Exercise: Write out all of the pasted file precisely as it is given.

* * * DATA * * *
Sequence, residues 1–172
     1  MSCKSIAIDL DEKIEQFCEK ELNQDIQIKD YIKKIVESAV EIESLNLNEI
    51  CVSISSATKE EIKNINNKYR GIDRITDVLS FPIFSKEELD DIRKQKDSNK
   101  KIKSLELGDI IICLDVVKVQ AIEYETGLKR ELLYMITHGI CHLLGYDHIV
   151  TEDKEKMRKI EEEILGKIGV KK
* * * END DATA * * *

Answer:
Sequence, residues 1–172
     1  MSCKSIAIDL DEKIEQFCEK ELNQDIQIKD YIKKIVESAV EIESLNLNEI
    51  CVSISSATKE EIKNINNKYR GIDRITDVLS FPIFSKEELD DIRKQKDSNK
   101  KIKSLELGDI IICLDVVKVQ AIEYETGLKR ELLYMITHGI CHLLGYDHIV
   151  TEDKEKMRKI EEEILGKIGV KK